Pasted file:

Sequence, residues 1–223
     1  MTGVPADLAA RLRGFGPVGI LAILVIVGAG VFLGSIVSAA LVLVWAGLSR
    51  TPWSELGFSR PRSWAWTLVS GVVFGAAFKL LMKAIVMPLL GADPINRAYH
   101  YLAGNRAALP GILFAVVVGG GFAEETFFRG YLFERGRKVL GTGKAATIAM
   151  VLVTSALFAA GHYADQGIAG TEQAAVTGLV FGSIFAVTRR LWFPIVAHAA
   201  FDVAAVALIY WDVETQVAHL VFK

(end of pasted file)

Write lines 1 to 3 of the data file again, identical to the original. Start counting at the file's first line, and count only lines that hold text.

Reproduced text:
Sequence, residues 1–223
     1  MTGVPADLAA RLRGFGPVGI LAILVIVGAG VFLGSIVSAA LVLVWAGLSR
    51  TPWSELGFSR PRSWAWTLVS GVVFGAAFKL LMKAIVMPLL GADPINRAYH